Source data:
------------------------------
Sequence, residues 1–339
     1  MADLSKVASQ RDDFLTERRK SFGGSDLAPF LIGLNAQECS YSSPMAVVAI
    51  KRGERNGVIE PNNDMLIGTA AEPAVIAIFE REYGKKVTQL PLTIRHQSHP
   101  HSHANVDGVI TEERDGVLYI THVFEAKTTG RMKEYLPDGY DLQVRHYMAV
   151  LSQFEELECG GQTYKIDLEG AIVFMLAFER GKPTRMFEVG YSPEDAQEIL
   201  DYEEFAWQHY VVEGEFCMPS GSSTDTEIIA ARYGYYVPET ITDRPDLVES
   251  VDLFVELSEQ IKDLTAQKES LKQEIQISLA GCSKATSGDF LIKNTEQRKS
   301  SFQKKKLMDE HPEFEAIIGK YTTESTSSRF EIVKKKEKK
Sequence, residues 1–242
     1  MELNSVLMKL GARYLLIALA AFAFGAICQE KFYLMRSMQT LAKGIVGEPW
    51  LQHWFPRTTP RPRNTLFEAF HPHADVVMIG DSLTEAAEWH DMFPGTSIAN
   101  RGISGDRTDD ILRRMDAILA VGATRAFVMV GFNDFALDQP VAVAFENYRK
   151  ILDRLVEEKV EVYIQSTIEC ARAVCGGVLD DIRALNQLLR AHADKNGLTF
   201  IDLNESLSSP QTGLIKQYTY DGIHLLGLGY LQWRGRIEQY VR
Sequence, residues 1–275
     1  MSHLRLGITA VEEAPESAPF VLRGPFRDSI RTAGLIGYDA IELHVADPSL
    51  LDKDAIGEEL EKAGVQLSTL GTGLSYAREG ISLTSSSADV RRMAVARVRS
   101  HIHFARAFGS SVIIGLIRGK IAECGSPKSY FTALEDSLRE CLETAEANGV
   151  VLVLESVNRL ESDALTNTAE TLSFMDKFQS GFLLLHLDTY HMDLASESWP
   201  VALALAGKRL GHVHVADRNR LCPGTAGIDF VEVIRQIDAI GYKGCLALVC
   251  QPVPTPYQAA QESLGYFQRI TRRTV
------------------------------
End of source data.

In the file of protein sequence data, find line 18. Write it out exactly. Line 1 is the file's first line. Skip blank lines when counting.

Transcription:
   101  HIHFARAFGS SVIIGLIRGK IAECGSPKSY FTALEDSLRE CLETAEANGV